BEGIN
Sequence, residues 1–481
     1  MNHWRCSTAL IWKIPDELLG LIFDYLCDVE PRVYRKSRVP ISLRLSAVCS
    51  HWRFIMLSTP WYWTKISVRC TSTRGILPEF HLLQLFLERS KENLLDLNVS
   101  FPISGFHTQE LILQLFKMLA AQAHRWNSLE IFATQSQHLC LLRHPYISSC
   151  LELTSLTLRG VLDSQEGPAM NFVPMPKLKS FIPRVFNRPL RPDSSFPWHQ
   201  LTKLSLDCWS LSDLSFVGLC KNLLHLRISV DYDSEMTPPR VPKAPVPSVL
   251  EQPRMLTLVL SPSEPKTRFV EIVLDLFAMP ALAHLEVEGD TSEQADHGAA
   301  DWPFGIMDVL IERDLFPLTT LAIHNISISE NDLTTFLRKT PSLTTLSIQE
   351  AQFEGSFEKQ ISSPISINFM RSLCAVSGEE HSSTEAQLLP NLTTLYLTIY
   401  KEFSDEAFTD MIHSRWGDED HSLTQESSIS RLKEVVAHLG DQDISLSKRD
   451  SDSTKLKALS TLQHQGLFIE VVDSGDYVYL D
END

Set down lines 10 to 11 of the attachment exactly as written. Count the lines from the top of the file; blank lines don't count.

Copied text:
   401  KEFSDEAFTD MIHSRWGDED HSLTQESSIS RLKEVVAHLG DQDISLSKRD
   451  SDSTKLKALS TLQHQGLFIE VVDSGDYVYL D